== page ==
[ilds] Mention of the Alexandria Quartet in an Interesting and Controversial New Book

James Gifford james.d.gifford at gmail.com
Mon Jun 2 13:38:20 PDT 2014


Hello Sumantra,

I'm in the midst of travels, but I suggest you check how you're using 
your email program -- I don't control how you set up gmail...  If you 
can't see the messages you send, it doesn't have anything to do with the 
listserv.  It's how you've set up gmail on your tablet.

Perhaps write to me off list to see if I can help you.

Cheers,
James

On 2014-06-02, 10:28 AM, Sumantra Nag wrote:
> How does one get access to a full discussion thread if a post is not
> visible to the sender? There is no answer to this question.
>
> Sumantra Nag
> ---------------------
>
> Sent from my Samsung Tablet
> On 1 Jun 2014 05:11, "James Gifford" <james.d.gifford at gmail.com
> <mailto:james.d.gifford at gmail.com>> wrote:
>  >
>  > Hello all
>  >
>  >
>  > On 2014-05-31, 3:36 PM, William Apt wrote:
>  >>
>  >> I don't recall there being a great number of homosexuals in LD's
>  >> inner circle. In fact most were quite straight and anything but asexual.
>  >
>  >
>  > Rather than his personal network, what about his characters?  The
> percentage jumps...  He was close with George Barker, Elizabeth Smart,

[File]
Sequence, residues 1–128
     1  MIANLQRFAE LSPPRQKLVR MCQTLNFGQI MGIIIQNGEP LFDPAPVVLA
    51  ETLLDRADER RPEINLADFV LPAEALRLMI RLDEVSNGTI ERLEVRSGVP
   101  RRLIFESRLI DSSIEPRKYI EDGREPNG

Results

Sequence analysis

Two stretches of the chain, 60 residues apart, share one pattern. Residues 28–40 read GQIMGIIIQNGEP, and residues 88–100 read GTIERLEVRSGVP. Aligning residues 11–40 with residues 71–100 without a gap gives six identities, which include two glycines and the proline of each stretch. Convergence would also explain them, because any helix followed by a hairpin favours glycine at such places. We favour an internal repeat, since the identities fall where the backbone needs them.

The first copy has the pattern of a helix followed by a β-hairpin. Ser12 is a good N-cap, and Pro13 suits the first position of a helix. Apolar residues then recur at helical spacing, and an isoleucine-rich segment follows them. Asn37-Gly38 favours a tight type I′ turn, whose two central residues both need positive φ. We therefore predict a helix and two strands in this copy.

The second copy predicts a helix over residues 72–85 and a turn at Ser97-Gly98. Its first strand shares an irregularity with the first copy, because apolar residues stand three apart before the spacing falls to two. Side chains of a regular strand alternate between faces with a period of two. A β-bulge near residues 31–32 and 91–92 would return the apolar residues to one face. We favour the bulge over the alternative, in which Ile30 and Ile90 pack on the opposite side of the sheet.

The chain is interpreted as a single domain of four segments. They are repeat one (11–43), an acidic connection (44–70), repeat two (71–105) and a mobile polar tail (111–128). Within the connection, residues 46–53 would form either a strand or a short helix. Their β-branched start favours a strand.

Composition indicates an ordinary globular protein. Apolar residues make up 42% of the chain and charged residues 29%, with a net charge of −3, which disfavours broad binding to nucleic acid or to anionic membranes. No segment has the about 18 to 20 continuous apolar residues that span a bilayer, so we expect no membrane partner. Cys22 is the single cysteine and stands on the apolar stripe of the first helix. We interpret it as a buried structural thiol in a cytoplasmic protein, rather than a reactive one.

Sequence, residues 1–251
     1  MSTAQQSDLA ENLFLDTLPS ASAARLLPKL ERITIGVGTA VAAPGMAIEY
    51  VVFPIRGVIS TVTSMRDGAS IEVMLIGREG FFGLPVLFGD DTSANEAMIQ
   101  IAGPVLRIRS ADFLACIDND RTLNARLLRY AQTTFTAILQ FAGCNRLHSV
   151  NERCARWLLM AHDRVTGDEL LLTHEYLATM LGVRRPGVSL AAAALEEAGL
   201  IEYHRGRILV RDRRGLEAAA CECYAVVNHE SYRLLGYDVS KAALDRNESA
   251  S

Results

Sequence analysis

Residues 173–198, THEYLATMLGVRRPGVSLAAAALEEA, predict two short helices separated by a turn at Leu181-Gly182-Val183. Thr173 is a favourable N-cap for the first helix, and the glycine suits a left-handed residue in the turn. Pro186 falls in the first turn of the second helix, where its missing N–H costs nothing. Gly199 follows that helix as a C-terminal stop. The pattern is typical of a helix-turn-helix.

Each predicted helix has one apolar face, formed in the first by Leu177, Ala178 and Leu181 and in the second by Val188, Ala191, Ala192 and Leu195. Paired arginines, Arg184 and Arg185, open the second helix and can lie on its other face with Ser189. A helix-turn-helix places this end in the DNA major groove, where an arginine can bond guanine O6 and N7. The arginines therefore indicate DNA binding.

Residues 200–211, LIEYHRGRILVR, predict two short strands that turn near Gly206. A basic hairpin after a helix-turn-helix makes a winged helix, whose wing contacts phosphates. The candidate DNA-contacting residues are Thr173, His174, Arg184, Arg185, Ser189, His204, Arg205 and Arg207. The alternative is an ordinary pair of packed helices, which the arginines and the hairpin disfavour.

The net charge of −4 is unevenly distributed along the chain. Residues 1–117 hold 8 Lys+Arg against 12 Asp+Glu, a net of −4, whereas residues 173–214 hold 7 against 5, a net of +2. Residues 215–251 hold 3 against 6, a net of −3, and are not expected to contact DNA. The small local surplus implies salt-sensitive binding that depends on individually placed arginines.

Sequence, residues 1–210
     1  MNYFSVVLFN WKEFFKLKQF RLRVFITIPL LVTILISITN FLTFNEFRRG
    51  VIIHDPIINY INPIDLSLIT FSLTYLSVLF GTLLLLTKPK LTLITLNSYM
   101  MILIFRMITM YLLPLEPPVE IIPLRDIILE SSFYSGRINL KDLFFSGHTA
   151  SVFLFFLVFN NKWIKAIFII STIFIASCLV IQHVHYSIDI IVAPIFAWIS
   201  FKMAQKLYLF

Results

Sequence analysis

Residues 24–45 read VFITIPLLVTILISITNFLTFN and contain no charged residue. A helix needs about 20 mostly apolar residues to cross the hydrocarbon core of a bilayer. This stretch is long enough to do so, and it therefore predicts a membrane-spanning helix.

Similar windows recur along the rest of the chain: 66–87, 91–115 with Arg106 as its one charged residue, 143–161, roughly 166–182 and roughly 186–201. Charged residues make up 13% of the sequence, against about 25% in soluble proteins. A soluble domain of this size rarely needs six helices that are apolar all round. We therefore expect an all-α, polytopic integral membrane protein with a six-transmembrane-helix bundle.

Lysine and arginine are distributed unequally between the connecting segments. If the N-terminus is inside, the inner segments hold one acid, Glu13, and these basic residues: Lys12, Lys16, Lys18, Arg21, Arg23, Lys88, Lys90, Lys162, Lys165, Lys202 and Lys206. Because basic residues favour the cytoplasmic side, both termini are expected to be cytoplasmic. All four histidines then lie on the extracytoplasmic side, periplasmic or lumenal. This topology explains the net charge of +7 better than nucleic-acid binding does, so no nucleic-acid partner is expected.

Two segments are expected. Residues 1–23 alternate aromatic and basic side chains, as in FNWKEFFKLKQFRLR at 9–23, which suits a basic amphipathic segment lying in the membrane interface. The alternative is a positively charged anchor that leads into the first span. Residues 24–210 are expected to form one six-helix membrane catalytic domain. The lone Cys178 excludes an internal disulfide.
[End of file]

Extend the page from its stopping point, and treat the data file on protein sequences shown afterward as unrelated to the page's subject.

> and a number of other non-writers of the 30s and 40s who had bisexual lives.
>  >
>  >
>  >> Contrast this with the highly closeted Jack Kerouac, almost all of whose
>  >> inner circle were gay, despite his life long cultivation of a solid
>  >> heterosexual public image.
>  >
>  >
>  > But was Kerouac a repressed homosexual?  I'm suspicious of elements
> of the notion itself.  He seemed to be sexual, period, and not strictly
> limited.  Then again, I'm not a Kerouac scholar and may be quite wrong
> on this -- Kerouac was certainly in an "out" milieu.
>  >
>  >
>  >> Finally, LD got involved with some beautiful, sexy women, and had as
>  >> friends others. If he was gay, he certainly had a great heterosexual
>  >> picker!
>  >
>  >
>  > I don't want to sound glib, but many gay men were married, even to
> very attractive women.  It's too easy to speculate.
>  >
>  > Bruce adds
>  >
>  >
>  >> the big objection is what literary critics are fond of making —
>  >> namely, don't confuse the author with his or her writings!  There's
>  >> some validity to this, but I don't always buy the objection and
>  >> attribute it to the prejudices of New Criticism, whose ideas still
>  >> linger and influence.
>  >
>  >
>  > The racial issues with the New Critics, who wanted to set aside
> social context, is certainly open to critique.  But I also don't think
> we can conflate the text and the author.
>  >
>  > I would, however, very much in this vein point to the importance of
> sexuality for content in Durrell's books as well as their formal traits
> and textuality.
>  >
>  > And now to run!
>  >
>  > Best,
>  > James
>  >
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